Britain's Most Fantastic Address Award
Supported by the Office for National Statistics (ONS), GeoPlace has announced a new category in its annual Awards scheme; the Award for Britain's Most Fantastic Address.
We're looking for the addresses that baffle or bemuse, that have fractions or decimal places - where the same house has several addresses - or has changed name six times. The addresses that make it difficult to find a property or identify a household within a communal establishment. Properties that have been subdivided and ended up with non-rational numbers. Addresses that are designed to confuse or situated on crazily named streets or localities, or just make you laugh out loud.
Think of this as a safe place to share your joys and frustrations - the addresses you love or hate having on your patch.
There is of course a serious side to this. Addresses have become so commonly used and accepted that people assume that they are easy to locate.
Addresses play a vital role in communities, allowing people to find one another and enable a whole range of services to be delivered from the cradle to the grave. Most transactions, provided by thousands of different organisations, include an address – from registering to vote, collection of waste, delivery of social care, payment of taxes, connection of utility services, quotation for insurance, delivery of packages, allocation of school places and most crucially responding to emergency situations where time really can be a matter of life or death.
But addressing is hard. Street Naming and Numbering Officers and Address and Street Custodians work incredibly hard to maintain a national data infrastructure of address and street data, dealing with members of the public, developers, businesses, planners and historical troublesome addresses.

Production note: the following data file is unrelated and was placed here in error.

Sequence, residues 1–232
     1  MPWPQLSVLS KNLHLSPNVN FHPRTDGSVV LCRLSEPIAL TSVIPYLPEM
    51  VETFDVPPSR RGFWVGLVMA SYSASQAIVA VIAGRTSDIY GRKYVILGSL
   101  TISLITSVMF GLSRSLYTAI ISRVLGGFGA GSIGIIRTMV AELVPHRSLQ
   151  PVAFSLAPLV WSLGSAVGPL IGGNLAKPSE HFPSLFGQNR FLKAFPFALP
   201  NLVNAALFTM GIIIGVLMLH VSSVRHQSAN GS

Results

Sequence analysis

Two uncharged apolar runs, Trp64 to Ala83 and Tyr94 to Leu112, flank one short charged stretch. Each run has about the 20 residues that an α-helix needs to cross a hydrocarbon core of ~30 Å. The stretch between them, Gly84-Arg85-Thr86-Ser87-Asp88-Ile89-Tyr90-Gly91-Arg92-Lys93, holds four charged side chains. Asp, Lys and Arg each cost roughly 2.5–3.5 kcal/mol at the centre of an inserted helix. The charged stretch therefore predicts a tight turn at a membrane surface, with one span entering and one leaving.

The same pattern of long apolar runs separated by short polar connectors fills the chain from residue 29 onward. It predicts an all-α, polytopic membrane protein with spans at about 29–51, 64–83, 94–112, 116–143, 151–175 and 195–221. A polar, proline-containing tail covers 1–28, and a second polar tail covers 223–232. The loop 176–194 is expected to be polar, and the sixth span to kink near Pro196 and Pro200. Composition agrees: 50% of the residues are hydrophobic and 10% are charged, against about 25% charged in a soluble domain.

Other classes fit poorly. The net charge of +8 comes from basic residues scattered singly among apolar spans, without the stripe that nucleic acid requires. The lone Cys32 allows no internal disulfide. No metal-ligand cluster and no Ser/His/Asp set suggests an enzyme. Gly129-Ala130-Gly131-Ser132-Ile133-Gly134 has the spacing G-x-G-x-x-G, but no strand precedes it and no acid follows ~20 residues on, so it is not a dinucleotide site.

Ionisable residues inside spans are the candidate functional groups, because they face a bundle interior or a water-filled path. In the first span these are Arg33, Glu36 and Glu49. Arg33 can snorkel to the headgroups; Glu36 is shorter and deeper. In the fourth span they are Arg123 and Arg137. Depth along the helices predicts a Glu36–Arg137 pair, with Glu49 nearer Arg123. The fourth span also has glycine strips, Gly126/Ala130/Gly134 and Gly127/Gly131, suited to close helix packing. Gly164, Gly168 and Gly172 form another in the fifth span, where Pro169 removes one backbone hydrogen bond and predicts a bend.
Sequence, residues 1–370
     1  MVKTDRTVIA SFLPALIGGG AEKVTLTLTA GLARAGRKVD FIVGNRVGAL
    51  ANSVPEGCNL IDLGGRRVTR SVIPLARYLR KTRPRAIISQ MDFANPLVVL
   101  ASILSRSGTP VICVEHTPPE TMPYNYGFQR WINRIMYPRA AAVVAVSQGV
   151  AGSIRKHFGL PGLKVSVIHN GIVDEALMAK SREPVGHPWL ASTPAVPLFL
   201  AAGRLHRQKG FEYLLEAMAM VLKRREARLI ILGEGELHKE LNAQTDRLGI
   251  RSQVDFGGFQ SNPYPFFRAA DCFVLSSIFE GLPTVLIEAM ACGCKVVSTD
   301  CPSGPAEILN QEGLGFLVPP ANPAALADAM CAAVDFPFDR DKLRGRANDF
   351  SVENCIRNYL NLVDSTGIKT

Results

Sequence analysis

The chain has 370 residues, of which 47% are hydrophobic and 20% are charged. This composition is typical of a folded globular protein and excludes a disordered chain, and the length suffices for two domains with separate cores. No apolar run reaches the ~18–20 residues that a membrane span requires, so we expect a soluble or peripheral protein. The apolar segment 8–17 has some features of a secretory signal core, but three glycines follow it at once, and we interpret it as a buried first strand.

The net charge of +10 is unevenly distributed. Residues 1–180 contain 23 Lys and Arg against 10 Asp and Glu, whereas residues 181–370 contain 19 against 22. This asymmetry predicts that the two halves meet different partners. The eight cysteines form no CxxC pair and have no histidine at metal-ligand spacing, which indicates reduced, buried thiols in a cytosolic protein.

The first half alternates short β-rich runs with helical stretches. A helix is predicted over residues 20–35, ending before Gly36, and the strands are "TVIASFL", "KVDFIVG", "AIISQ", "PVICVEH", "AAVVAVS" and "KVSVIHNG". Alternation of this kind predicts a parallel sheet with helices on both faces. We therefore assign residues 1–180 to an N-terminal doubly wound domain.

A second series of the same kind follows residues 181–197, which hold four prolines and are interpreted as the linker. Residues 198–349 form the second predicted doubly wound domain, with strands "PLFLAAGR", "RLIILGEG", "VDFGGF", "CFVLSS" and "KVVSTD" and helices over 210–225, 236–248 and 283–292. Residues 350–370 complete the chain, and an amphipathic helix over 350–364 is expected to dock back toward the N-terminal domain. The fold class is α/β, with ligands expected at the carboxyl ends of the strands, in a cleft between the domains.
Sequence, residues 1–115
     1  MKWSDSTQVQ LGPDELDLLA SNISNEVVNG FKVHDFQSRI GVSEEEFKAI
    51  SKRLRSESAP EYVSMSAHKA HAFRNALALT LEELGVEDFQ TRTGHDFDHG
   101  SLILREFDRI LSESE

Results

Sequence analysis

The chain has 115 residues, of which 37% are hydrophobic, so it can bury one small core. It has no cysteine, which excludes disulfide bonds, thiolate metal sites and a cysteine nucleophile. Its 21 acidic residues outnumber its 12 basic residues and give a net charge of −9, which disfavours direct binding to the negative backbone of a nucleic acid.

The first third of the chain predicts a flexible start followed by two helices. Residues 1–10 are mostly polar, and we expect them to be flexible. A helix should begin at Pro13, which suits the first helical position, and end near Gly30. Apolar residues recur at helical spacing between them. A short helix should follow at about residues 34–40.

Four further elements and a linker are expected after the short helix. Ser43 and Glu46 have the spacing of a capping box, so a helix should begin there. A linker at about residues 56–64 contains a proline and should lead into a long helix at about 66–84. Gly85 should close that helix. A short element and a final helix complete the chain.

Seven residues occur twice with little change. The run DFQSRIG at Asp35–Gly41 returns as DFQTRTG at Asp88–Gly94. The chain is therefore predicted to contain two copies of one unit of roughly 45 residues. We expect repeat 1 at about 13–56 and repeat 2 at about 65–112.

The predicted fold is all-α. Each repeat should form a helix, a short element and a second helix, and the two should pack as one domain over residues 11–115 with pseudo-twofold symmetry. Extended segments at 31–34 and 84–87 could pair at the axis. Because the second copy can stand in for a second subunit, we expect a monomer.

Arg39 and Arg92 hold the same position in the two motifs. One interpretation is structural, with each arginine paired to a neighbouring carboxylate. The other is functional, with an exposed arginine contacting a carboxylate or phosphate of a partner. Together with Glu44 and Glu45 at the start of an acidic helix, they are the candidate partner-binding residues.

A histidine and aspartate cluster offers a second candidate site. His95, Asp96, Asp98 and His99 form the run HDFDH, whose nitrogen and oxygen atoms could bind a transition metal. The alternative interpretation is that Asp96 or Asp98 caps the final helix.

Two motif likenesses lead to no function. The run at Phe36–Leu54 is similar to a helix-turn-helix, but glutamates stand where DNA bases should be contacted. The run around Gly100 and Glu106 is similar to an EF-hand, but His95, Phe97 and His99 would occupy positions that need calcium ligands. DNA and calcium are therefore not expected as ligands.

ONS have a fundamental interest in addressing. The census is one of the most comprehensive national applications of addressing and needs a complete, accurately classified address list.
For the next census, ONS will be using AddressBase Premium and will be working closely with councils and GeoPlace to ensure that it meets census requirements in terms of quality and coverage; effectively underpinning census enumeration and outputs, as well as local government funding.
ONS want to work with councils and GeoPlace to:
help check classifications
identify communals and communal structures and HMOs
make sure that it can make the best use of local knowledge and information.
ONS will be joining us at the GeoPlace annual conference on 10th May to discuss the best ways of working together on this.
This Award will highlight just how ridiculous, preposterous, improbable, outlandish, implausible, incredible, unbelievable, weird, fantastic and troublesome addressing can be. And why it's really hard work to make best use of all available data to enhance the provision of population statistics.
See the Khub for more information and discussion about the Awards.